The two fighting game athletes, if you want to call them that, sit uncomfortably close together, close enough to the television to get a warning from their concerned mothers. The crowd in the background make up an omnipresent backdrop that hollers when any player makes a decisive move or kill. The chairs on stage are the same brownish conference chairs all hotels must source from the same location. They look stiff, strangely formal, and terribly uncomfortable. This is EVO, the most important championship event for the fighting game community.
Compare this to the Season 3 World Championship for League of Legends, happening right now. The players sit with their teams at identical desks. They wear branded clothing identifying their team and their sponsors. Riot Games have presumably handed out identical noise-canceling headphones and provided the lavish, branded, cushioned chairs on which the best LoL players in the world sit while duking it out for an enormous trophy and a huge prize package.
The League of Legends Championship Series is an enormous spectacle. It doesn’t just showcase the game and its players, it lavishes the entire experience of fandom in bright lights and big sounds. Huge vertical screens behind each player show their picks as they happen to the crowd. Meanwhile, the commentators analyze the game on a stage hovering just above that crowd. Watching the show in between actual matches evokes awe generated in part through a high level of professionalism and polish. And this is just the playoffs, not the sold-out final championship match which takes place next friday at the immense Los Angeles Convention Center.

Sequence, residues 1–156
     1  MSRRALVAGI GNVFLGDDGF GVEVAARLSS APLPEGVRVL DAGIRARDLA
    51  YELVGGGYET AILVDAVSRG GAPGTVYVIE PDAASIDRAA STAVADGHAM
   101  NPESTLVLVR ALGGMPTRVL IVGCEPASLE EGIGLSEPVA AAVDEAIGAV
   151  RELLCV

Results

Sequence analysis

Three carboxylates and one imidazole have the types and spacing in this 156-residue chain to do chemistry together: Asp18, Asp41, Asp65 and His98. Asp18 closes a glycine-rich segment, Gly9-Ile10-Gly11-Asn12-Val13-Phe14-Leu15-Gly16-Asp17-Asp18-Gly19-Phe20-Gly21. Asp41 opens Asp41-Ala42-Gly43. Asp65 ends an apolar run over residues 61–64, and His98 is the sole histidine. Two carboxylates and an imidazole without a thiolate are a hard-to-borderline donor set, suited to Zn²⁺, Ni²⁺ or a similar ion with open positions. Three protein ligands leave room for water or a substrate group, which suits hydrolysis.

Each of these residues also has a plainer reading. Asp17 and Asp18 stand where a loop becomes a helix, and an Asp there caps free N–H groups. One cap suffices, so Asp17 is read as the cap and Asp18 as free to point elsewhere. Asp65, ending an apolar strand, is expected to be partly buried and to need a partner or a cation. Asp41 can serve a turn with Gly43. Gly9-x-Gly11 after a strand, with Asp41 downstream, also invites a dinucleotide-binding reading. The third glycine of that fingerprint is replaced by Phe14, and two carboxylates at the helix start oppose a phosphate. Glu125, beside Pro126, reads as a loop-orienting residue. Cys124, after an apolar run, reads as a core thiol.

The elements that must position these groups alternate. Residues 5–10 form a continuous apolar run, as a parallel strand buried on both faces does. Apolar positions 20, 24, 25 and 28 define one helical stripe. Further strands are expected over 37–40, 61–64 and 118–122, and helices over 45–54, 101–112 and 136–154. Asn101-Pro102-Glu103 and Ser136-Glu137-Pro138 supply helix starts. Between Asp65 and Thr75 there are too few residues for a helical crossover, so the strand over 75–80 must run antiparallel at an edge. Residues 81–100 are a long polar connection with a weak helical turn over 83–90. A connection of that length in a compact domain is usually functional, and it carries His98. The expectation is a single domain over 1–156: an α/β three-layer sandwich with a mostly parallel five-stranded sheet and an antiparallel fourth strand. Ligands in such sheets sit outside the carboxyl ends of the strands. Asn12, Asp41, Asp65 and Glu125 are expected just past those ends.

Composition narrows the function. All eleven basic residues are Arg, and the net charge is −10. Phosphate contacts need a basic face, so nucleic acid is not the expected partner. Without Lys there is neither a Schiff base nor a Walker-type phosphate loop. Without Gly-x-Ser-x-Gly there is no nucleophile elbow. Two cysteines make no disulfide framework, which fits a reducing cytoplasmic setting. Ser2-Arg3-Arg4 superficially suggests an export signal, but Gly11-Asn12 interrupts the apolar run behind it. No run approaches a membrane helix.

While the supporters and planners of EVO construct their event largely independent from the developers behind the games that they showcase, Riot is the architect of this event and their entire eSports strategy. Much of this strategy revolves around a strange blend of enthusiast celebrations. At the event itself, Riot encourages their fans to create signs and posters to wave about while the camera swoops over the crowd. The signage, some that root for teams and others that make terrible puns, remind me of basketball games or wrestling matches.
The chants of “USA! USA!” during Cloud 9’s match against Fnatic recall flurries of patriotism during Olympic games. Even Doublelift, a player and commentator during the series, said “I watched the American dream die” in response to the match. The division along international lines serves the purpose of creating discernible leagues among players who use similar languages, making the matches more easily consumable in foreign markets. But it also lends itself towards these strange sports practices common among other dominant sporting events.
These games are also increasingly a marketable experience. Corporate branded teams like Korea’s SK Telecom and Samsung Galaxy Ozone are obvious reminders of the money backing these players, particularly the international teams. While the stadium is not dominated with ads yet, you can easily see a future of advertising takeovers of the championship series.
None of this is to lay harsh judgement on Riot’s eSports efforts. But eSports fandom is largely a creation. In the case of EVO, the fan community itself is shaping the future of fighting game fandom, for better or for worse. Meanwhile, Riot has a chance to define their own eSports fandom (and of course the same goes for Valve and their Dota 2 coverage). Unfortunately the heart of both communities shares a trait with many other sports fandom. They are plagued by inclusivity problems and potentially vitriolic community members. Those constructing eSports fandom through events, big or small, have a unique opportunity to shape the future of fan celebrations and team sports for the better and should do so with clear intentions and knowledge of sports fandom inside and outside the game space.